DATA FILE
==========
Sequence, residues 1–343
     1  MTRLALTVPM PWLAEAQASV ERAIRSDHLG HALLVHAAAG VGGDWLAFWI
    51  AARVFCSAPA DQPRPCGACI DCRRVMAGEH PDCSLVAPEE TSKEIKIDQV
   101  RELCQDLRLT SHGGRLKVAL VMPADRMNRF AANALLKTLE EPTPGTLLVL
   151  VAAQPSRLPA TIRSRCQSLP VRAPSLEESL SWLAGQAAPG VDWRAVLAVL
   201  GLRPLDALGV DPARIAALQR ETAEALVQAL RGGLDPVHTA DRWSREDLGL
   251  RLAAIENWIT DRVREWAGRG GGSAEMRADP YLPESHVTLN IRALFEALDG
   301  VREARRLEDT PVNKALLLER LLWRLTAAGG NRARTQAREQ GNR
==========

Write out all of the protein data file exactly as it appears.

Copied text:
Sequence, residues 1–343
     1  MTRLALTVPM PWLAEAQASV ERAIRSDHLG HALLVHAAAG VGGDWLAFWI
    51  AARVFCSAPA DQPRPCGACI DCRRVMAGEH PDCSLVAPEE TSKEIKIDQV
   101  RELCQDLRLT SHGGRLKVAL VMPADRMNRF AANALLKTLE EPTPGTLLVL
   151  VAAQPSRLPA TIRSRCQSLP VRAPSLEESL SWLAGQAAPG VDWRAVLAVL
   201  GLRPLDALGV DPARIAALQR ETAEALVQAL RGGLDPVHTA DRWSREDLGL
   251  RLAAIENWIT DRVREWAGRG GGSAEMRADP YLPESHVTLN IRALFEALDG
   301  VREARRLEDT PVNKALLLER LLWRLTAAGG NRARTQAREQ GNR